On April 7, the new dramatic thriller from CSI producer Carol Mendelson, Game of Silence, will air on NBC — and Grosse will be a regular on the show, based off the popular Turkish series Suskunlar (The Silent). “If people enjoyed Mystic River, they’ll love this,” Grosse says. “It has an interesting premise centered on a successful Atlanta attorney who has his perfect life threatened by his dark past after getting together with his long-lost childhood friends. The attorney, Jackson, is played by David Lyons of Revolution, and I play his nemesis Terry Bosch, who is essentially a multi-dimensional crime boss. But he’s also a family man; I like to think of him as Tony Soprano meets Stringer Bell. He was in a juvenile detention center with the lawyer — and they grow up and everyone goes their separate ways — and we see how they reconcile some differences and how some new dark secrets are discovered. The writing team is excellent and a wonderful group of directors is involved.”
HBO’s highly anticipated Westworld, the sci-fi Western produced by J.J. Abrams, is set to debut later this year and Grosse will star as Deputy Foss opposite Anthony Hopkins, Ed Harris, Evan Rachel Wood, Jeffrey Wright and James Marsden. “This show is inspired by the book and the film of the same name by Michael Crichton,” Grosse says. “We have a futuristic theme park populated by robots that allow people to explore their darkest fantasies. It’s going to be quite interesting as we move into this new era of technology and how people will have the ability to literally speak things into existence. You can never underestimate how powerful it is to be able to just say something and be able to manifest it. All of that and artificial intelligence are the key notes that we are going to hit on in this series. It’s going to be really provocative and exciting for audiences to delve into.”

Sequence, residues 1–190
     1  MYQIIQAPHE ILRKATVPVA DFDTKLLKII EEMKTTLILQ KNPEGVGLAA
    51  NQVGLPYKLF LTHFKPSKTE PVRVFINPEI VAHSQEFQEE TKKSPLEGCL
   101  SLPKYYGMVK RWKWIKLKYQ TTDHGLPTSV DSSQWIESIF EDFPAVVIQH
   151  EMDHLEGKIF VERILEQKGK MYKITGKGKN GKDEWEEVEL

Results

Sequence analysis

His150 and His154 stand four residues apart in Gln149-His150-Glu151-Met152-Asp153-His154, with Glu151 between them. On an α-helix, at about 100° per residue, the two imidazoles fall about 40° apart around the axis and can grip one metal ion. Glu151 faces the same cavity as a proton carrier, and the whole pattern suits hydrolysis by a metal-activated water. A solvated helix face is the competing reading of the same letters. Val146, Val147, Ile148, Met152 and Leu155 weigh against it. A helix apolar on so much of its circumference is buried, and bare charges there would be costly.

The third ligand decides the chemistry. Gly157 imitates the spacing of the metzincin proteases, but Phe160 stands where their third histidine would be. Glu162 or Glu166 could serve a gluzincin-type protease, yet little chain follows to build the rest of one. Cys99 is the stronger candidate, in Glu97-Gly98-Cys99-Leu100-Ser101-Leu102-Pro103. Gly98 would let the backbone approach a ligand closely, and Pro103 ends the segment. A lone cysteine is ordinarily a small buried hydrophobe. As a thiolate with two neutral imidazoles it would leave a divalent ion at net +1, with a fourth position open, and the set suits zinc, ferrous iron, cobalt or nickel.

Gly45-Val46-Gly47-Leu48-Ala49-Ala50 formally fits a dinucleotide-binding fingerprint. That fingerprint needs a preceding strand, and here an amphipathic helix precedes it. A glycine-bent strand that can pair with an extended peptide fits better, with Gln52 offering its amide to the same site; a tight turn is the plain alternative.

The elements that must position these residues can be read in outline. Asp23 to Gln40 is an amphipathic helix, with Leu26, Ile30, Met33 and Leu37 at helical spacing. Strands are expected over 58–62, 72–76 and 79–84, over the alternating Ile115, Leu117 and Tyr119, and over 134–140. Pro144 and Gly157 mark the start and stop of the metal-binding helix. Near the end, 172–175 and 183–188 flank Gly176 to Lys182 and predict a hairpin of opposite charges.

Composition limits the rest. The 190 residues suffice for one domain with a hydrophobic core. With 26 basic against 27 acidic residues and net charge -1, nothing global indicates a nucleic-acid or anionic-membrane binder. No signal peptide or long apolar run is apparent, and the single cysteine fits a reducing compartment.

In addition to big-budget films and super-interesting television shows, independent projects also have major appeal for Grosse. He is currently writing, and will direct and act, in the adventure film Godfrey. “It has to do with existentialism, kind of like Road Trip meets Fear and Loathing in Las Vegas,” Grosse says. “We’re doing the funding groundwork now to get it in production.”